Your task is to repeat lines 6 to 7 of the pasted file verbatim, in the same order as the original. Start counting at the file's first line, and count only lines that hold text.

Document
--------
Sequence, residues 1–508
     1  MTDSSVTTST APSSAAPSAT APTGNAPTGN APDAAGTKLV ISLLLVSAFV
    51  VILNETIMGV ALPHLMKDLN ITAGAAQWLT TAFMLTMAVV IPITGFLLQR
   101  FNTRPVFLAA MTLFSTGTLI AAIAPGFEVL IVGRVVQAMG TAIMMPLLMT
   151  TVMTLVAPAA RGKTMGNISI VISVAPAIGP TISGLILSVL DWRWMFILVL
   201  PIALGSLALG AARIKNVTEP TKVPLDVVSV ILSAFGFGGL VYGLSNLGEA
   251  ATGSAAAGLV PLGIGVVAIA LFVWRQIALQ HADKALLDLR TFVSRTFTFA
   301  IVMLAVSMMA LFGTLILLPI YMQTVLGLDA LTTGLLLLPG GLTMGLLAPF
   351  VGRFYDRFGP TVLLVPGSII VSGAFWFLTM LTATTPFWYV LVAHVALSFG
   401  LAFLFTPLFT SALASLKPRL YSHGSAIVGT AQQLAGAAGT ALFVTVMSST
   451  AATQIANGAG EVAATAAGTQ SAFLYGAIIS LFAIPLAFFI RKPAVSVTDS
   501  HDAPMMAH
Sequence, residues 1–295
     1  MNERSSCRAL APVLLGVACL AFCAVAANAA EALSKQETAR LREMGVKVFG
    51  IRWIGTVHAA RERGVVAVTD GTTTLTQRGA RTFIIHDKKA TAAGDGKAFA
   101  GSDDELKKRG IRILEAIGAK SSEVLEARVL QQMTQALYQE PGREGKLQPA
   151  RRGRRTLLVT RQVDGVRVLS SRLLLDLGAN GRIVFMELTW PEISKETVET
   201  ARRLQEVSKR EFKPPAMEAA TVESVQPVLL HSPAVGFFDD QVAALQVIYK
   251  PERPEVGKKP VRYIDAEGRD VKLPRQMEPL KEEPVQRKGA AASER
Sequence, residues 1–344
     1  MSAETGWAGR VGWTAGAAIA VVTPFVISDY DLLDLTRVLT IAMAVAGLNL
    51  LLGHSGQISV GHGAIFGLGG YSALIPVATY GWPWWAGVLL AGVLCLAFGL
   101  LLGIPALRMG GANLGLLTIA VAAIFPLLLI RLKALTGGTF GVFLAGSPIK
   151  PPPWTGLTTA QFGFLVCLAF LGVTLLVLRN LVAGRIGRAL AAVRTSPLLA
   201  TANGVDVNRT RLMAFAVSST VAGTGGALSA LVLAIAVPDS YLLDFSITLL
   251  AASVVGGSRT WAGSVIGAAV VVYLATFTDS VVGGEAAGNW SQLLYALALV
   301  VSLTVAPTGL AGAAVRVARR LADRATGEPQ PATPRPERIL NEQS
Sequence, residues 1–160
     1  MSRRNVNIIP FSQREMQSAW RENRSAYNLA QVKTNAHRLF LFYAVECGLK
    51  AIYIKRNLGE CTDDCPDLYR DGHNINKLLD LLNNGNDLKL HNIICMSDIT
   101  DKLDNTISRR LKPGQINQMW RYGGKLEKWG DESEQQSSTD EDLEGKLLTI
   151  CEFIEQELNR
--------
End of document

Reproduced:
   201  PIALGSLALG AARIKNVTEP TKVPLDVVSV ILSAFGFGGL VYGLSNLGEA
   251  ATGSAAAGLV PLGIGVVAIA LFVWRQIALQ HADKALLDLR TFVSRTFTFA